It’s time. Time to settle, once and for all, which genre shows rule and which ones drool.

Talk to the fans and you will always run into people who feel one show with a premise of x is so much better than that other show based on x.

Today’s Smackdown: Star Trek: Deep Space Nine Vs. Babylon 5.

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The Premise: A space station run by humans but far from where humans call home. Adventures ensue week to week as an assortment of aliens and humans come by for a visit.

Deep Space Nine:

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When the Bajoran people free themselves from a long and brutal occupation at the hands of the Cardassians, naturally, they call up the United Federation of Planets and say, “Hey! We have this space station called Terok Nor that was used by our oppressors to keep us inline – there’s a ton of bad blood and bad memories there – why don’t you send some Starfleet types to run it for us? We’ll totally let you call it whatever you want.” *paraphrasing*

Babylon 5:

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Following the events of the Earth / Minbari war, the idea of a ‘united nations’ in space was appealing, only they would need to build it. They said it was mad to build a space station in the middle of nowhere, but they did! And it sank into the swamp! (actually, it blew up) So, they took the debris and built Babylon 2 and that sank into the swamp too. SO, they started again and built Babylon 3! It blew up, caught on fire and sank into the swamp. Babylon 4, though – it held! Didn’t blow up, didn’t burn up and it did NOT sink into the swamp. It did, however, disappear without a trace but Babylon 5 – now there was a space station!!!

“If you build it, they will come.”

Well, that was the idea anyway. Rather than having a ship that’s flying around visiting alien planets, why not have a fixed point in space (not a planet cuz that would be all expensive and stuff) where everyone comes to visit?! It’ll be brilliant and never boring and we’ll never run out of story ideas! (yeah right)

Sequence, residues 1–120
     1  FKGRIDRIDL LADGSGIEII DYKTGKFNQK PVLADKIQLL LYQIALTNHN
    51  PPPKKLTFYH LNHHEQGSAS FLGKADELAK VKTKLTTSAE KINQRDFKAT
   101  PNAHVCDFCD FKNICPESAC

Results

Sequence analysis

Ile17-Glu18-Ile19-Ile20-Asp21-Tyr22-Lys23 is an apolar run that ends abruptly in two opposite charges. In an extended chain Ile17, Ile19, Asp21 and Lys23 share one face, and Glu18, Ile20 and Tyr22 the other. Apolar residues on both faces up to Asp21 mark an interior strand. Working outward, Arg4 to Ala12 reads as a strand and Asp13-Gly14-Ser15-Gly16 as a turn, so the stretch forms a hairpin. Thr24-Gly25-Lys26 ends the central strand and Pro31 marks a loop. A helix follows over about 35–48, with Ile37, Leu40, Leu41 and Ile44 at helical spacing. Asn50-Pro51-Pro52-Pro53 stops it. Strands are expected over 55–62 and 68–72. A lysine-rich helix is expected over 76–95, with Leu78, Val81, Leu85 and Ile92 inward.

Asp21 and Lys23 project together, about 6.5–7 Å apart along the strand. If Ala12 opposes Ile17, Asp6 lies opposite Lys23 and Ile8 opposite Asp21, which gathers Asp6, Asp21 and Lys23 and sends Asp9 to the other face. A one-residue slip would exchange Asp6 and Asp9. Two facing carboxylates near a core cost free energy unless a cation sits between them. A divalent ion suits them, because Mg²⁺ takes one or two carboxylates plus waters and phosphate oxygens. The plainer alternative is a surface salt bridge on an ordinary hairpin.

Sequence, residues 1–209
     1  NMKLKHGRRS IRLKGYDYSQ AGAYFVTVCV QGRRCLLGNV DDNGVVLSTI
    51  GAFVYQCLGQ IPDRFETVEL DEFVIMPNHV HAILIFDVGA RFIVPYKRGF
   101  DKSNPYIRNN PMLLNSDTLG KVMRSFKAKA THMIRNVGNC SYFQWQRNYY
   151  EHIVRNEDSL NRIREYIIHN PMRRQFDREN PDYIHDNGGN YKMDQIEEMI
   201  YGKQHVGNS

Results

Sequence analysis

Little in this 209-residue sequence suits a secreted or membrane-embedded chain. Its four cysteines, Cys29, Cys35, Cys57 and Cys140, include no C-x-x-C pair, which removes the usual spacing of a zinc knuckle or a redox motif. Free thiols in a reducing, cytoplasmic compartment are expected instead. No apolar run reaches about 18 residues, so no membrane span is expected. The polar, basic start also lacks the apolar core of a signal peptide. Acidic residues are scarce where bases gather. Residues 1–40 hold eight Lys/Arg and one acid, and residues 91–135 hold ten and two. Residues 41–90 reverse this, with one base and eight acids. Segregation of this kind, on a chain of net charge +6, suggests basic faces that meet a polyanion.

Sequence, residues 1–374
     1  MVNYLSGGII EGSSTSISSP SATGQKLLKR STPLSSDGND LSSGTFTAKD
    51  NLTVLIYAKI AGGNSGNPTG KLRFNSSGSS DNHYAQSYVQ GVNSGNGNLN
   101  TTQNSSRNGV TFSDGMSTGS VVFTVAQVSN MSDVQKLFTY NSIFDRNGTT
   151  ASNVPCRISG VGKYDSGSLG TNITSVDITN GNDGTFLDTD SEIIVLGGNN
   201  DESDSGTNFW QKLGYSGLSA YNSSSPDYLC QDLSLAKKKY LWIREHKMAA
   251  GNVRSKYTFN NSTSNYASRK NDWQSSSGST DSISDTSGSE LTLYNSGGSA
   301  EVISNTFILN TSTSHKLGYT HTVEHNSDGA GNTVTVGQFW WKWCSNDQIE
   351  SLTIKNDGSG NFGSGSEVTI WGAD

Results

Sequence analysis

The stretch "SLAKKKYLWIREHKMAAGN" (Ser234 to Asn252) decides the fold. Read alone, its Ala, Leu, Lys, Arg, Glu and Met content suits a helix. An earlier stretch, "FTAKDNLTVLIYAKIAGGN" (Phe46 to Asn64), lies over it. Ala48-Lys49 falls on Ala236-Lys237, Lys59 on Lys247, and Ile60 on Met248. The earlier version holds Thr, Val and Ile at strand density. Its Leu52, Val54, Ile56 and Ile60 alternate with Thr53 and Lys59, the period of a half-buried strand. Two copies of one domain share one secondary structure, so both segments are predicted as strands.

We can even have the space station be near something cool! (Deep Space Nine had the Wormhole, Babylon 5 had Epsilon III and it’s ‘Great Machine’ that only showed up in a story like twice. Can’t be all that ‘great’ if it only shows up twice, now can it?! Someone should’ve asked Zathras. But no, no, no – no one ever asks Zathras. Zathras just goes about his day, doing his job without anyone paying any attention…)

“Ships? We don’t need no stinking ships!”

Actually, both shows had ships almost immediately. Deep Space Nine had their ‘runabouts’ which were bigger than a shuttlecraft and capable of warp speed. Babylon 5 had starfury squadrons which were single pilot, short range fighters and they had some shuttle craft for longer trips.

It wasn’t long before both shows added permanent, bigger, long range ships that the crews could take out for a spin. On Deep Space Nine it was The Defiant, the first ship in a new class of heavily armed warships designed to fight the Borg.

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Babylon 5 had the White Star, a fusion of Minbari and Vorlon technology built specifically to fight The Shadows.

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Both ships, designed to fight off the big bad, also and conveniently allowed for new stories that took place OFF the respective space stations.

Speaking of stories…

When it came to story telling, the two shows started out very different. Babylon 5 was conceived with a series arc in mind – that is, the show had a long-term plan. (Unlike the Cylons… but that’s a different post.) Politics, religion, racism and war were all a part of the plan that would run for five seasons. Deep Space Nine, on the other hand, ran with the same basic formula that had worked well for The Next Generation – single-story episodes from week to week – at least, for the first season. Fairly early on, they began to move away from the ‘monster of the week’ concept and into more arc driven plots like with the Klingon and Dominion Wars. Religion and politics also played a large part in the series, just like with Babylon 5.

Controversy? Oh yeah…

Babylon 5 creator, J. Michael Straczynski said that he first took the idea for the show to Paramount in 1989, providing them with a detailed synopsis of the concept and a series bible. Paramount passed and so he took it to Warner Brothers where it was eventually greenlit. After that, Paramount announced Deep Space Nine. Straczynski cried foul but never sued anyone. Both shows ended up in syndication, Deep Space Nine for seven seasons, Babylon 5 for four seasons in syndication and a fifth on TNT.

On writing

Straczynski rather famously wrote 92 of the 110 episodes of Babylon 5. Lots of people wrote the 176 episodes of Deep Space Nine. Did Stracynski’s efforts in maintaining control over his vision pay off in the long run?

Yes.

Innovation & impact